Error to replace a juror where no “evinced bias” is shown: CPLR § 4106

CPLR § 4106 Alternate jurors

Troutman v 957 Nassau Rd., LLC, 2010 NY Slip Op 00836 (App. Div., 2nd, 2010)

After the close of the plaintiffs' case, a juror informed the trial court that she knew one of the witnesses who was going to testify for the defense. The juror explained that she lived in the same neighborhood as the witness, and graduated from high school with her. The juror also indicated that the extent of their relationship was that they would occasionally see each other on the street, say hello, and ask each other how they were doing. The juror then indicated, in response to the court's questioning, that she would "treat" the witness "the same as all other witnesses," and that "nobody . . . started [the] case with an advantage." The court then voiced its "opinion" that the juror was "okay," "seemed like she could be fair," and should "stay."

However, defense counsel then made an application, which the plaintiffs' attorney opposed, for the juror to be replaced with an alternate juror. At that point, the trial court, upon observing that the "trial" was already a "lengthy" one, decided that "the safest course of action" would be to replace the juror with an alternate juror. The court explained that "a lot of times," jurors like the juror in question, who [*2]"know someone" and "say they think they will be okay," end up "hav[ing] a problem when they are making a decision." Hence, the court granted defense counsel's application. However, the court erred in doing so.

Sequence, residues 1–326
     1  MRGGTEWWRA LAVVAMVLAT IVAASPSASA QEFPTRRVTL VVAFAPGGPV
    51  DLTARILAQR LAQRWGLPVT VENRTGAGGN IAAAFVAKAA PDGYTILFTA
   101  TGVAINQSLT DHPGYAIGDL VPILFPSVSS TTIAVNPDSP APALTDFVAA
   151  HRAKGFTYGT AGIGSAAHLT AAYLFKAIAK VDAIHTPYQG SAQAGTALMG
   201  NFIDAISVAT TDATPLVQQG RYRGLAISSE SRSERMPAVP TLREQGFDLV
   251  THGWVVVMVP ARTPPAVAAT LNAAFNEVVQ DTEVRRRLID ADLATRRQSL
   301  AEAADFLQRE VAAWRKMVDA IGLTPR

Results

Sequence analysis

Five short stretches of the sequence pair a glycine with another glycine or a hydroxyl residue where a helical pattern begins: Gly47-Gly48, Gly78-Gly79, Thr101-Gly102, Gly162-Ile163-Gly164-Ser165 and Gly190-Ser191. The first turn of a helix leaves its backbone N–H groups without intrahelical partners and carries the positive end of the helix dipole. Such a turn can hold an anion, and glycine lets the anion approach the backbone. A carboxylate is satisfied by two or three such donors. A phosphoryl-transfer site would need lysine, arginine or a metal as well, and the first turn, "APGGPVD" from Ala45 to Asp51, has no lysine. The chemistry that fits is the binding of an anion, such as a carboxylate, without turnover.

CPLR 4106 provides that, in a civil case, if, before the final submission of the case to the jury, a seated juror "dies, or becomes ill, or for any other reason is unable to perform his [or her] duty," the trial court may remove the juror and replace the juror with an alternate juror. This Court, in interpreting the phrase "or for any other reason is unable to perform his [or her] duty" (CPLR 4106), has determined that a seated juror in a civil case may be removed from the jury if he or she "has evinced a certain bias or prejudice against one of the parties" (Mark v Colgate Univ., 53 AD2d 884, 886; see Narvaez v Piccone, 16 AD3d 641, 642; French v Schiavo, 300 AD2d 119, 119-120). Here, however, there was no indication that the juror in question evinced any bias or prejudice against one of the parties. Furthermore, the trial court's concern that such a bias or prejudice might eventually surface was speculative. Under these circumstances, the court should have denied defense counsel's application, and should not have replaced the juror with an alternate juror (cf. Wisholek v Douglas, 280 AD2d 220, 224, revd on other grounds 97 NY2d 740). Therefore, the judgment must be reversed, the complaint reinstated, and the matter remitted for a new trial on the issue of liability.

The bold is mine.

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